Junot Diaz warns Midwest of Fuku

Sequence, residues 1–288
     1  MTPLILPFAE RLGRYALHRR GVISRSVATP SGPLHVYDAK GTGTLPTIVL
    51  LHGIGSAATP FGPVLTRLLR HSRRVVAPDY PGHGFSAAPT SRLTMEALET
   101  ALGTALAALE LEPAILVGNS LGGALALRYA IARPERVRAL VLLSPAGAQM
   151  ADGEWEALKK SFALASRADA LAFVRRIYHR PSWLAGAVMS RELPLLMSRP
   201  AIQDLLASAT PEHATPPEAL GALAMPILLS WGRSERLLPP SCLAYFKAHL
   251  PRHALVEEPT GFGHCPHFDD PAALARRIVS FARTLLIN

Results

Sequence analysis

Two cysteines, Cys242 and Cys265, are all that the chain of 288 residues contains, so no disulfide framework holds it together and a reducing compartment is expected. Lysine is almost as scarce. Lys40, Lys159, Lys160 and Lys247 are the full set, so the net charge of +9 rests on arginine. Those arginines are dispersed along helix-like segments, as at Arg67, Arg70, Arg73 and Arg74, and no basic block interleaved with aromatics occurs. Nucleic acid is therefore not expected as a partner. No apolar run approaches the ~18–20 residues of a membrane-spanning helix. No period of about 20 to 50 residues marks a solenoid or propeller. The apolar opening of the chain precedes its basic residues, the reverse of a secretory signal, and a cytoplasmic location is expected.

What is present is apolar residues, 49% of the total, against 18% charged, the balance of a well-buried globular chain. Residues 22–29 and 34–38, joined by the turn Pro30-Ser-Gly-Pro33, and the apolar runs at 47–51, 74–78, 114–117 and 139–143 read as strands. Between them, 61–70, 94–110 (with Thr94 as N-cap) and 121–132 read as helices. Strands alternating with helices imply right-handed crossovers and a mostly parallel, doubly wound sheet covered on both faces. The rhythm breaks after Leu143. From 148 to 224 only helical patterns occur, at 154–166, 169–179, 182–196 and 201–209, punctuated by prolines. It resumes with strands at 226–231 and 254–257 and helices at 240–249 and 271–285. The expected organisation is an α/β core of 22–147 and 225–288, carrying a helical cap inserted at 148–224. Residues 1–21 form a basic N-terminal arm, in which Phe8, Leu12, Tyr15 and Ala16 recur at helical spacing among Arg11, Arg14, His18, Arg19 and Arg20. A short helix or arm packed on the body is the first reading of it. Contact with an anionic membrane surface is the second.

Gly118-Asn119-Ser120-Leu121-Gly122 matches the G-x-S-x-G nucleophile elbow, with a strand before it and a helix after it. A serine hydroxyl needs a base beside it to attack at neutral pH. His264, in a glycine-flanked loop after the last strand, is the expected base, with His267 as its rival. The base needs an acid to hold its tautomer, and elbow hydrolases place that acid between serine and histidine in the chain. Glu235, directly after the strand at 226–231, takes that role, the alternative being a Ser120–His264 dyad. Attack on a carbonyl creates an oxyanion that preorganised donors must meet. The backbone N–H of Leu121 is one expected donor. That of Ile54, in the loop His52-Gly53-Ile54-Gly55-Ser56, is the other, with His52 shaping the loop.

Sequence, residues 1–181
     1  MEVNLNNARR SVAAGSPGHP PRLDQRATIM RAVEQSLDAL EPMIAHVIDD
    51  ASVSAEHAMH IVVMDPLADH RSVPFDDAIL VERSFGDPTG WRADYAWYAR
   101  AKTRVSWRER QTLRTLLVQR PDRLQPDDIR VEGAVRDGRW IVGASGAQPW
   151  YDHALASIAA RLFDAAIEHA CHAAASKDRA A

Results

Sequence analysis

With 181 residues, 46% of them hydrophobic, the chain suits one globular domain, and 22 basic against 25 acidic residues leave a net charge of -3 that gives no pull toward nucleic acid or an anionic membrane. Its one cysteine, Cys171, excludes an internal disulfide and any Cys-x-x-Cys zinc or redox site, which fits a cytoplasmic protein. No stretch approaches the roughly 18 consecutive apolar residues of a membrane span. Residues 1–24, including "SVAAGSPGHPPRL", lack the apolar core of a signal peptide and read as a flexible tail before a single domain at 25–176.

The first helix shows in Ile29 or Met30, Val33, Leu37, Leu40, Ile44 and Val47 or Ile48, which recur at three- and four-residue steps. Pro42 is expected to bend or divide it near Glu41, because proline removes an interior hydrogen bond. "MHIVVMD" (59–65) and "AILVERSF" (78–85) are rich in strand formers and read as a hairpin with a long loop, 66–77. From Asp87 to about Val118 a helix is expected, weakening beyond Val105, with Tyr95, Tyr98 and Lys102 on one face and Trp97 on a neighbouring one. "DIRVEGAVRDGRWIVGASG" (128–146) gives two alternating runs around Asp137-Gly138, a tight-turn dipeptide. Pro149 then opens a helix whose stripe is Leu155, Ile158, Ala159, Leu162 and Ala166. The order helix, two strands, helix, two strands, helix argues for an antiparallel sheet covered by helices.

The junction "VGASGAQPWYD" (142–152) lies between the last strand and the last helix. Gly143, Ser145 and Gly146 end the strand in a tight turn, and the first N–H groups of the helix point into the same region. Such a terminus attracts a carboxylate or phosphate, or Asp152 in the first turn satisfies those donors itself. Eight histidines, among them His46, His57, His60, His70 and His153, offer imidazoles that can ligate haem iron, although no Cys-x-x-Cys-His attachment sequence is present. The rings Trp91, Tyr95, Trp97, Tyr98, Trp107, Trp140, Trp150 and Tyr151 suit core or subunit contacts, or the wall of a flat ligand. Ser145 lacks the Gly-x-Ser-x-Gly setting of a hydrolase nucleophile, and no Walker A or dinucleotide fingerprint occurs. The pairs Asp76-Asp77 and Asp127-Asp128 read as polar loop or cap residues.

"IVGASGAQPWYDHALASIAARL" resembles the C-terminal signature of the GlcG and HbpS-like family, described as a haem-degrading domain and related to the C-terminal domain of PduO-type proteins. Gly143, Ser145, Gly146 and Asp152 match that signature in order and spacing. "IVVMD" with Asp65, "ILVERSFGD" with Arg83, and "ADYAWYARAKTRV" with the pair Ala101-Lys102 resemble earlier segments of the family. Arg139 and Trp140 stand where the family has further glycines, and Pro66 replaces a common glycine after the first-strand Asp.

WHAT: Junot Diaz WHEN: Wednesday, Oct. 29 7:30 p.m. WHERE: Coffman Union Theater TICKETS: Free. 612.626.9513 ThereâÄôs not a lot of fiction that includes references to obscure comics and footnotes about Caribbean history that Americans are too lazy to know about. But Junot Diaz does just that and manages to make it entertaining too. Those who are fans and those who are curious now have a reason to rejoice: The light-hearted lore-master himself will be reading in Minneapolis at the end of the month. Diaz is the author of âÄúThe Brief Wondrous Life of Oscar Wao,âÄù the story of a nerdy Dominican immigrant who settles in New Jersey. In 2007, âÄúOscar WaoâÄù won the Pulitzer Prize for Fiction and National Book Critics Circle Award, among numerous other prizes. Recently, A&E spoke with the author about literary fame and what heâÄôs been up to since winning the Pulitzer. How has your life changed since winning the Pulitzer last year? Gee whiz, man. [Had I not won] I would have spent these last six months trying to come up with something new, instead IâÄôve been doing a lot of interviews, and a lot of readings. ItâÄôs been wonderful, but at the same time, man, itâÄôs a lot of work. I didnâÄôt expect it to be this much work. Do you feel like your writing has changed at all since winning the Pulitzer? Yeah, I havenâÄôt written a word. [Laughs] So thatâÄôs the biggest difference, you just havenâÄôt written? Yeah, I havenâÄôt had any time. ItâÄôs wild, you know. But it is what it is. I think thereâÄôs a billion people out there who would kill to have these problems. So youâÄôre not currently working on anything? Not at all, bro. And you teach at MIT right? Exactly. I do my best to keep my studentsâÄô papers coming back to them. How do you like teaching? I love my students. I know that sounds crazy. I really enjoy working at this place. I mean, if I had $20 million I wouldnâÄôt teach, but since I donâÄôt live in a fantasy land, this is really cool. Do you feel like it gets in the way of your writing? No, I wouldnâÄôt say that. A friend of mine said it really smart: Teaching gets in the way of reading, not necessarily writing. When youâÄôre reading so many papers, you canâÄôt read on your own as much. When did you first begin writing? I was about a senior in high school, going into college. But as a senior in high school I was just writing this kind of maudlin, emotional, poetry-type crap. But once I got into college I started thinking about it seriously. So which writers would you say influenced you the most then? No idea, man. But I know which writers I really loved. ItâÄôs so hard to judge influence, because sometimes people we donâÄôt like have bigger influence than people we do like. But I know who I liked. I loved the writer Patrick Chamoiseau . He wrote a novel called âÄúTexaco.âÄù A brilliant novel. I loved Toni Morrison , Leslie Marmon Silko . I loved a writer called Edward Rivera . What other kind of art, music or movies did you like? As a kid, I loved Japanese cinema. I had seen like every single Kurosawa film. Every one. I loved Kurosawa. A lot of music. A lot of merengue . I grew up on hip-hop. I mean, mine was the first hip-hop generation. The thing about being 40, versus being 25, is that you donâÄôt have the same amount of time for music. When I was 19 I knew the name of every song, every record. Now I donâÄôt know shit. Are you surprised by the success of your work? Yeah, of course, man. ItâÄôs surprising. But believe me, you donâÄôt work on a book for 11 years because you love applause. I think itâÄôs stunning that anyone reads anything, and IâÄôm really happy. Believe me, no one is more astonished than I am that a book about a Dominican nerd and a crazy Dominican family has done this well. So when you were writing the book, did you think much about how readers would respond? I was definitely not thinking about who was going to clap. But I did think about audience in the most narrow sense of the word âÄî who the speaker of the book thinks theyâÄôre telling the story to. When you first start writing a book, what are some of the steps you go through? ItâÄôs a grind. You wake up, you get to the desk by 8 oâÄôclock, you work âÄòtil noon, and you call it a day. Some days youâÄôre just working on story points, some days youâÄôre working on characters, or youâÄôre working on the structure of a chapter. ItâÄôs a strange process, like none of tactics youâÄôve used before necessarily apply now. So, itâÄôs a bizarre, weird-ass ballgame to be in. When I think of my process, it always has a lot to do with a ton of reading and a ton of writing. Do you have a favorite topic to write about? Well, I seem to like writing about masculinity and people who suffer apocalyptic experiences, whether it be immigration or violence. Has your family always been supportive of your writing? No, I wouldnâÄôt even say that they knew I was writing. ItâÄôs always been a solitary pursuit for me. I never really wanted to get other people involved with it. In general my family has been very supportive of me as a person though. Since people began reading your work, have you become more guarded about what you write? No, I assume everybody is like my friends, and that they donâÄôt really read, and that if they do read, they probably get like one chapter into it and then quit. [Laughs.] Anything else youâÄôd like to say? Oh, God no. Well, in the end, interviews, prizes, all of that is really just a way to obscure what really makes art valuable. In the end, a personâÄôs work encounters a person at a very private, beautiful place. ThatâÄôs what I find beautiful about this âÄî being able to write a work that binds people all over the globe. And it binds them intimately. ItâÄôs really nice.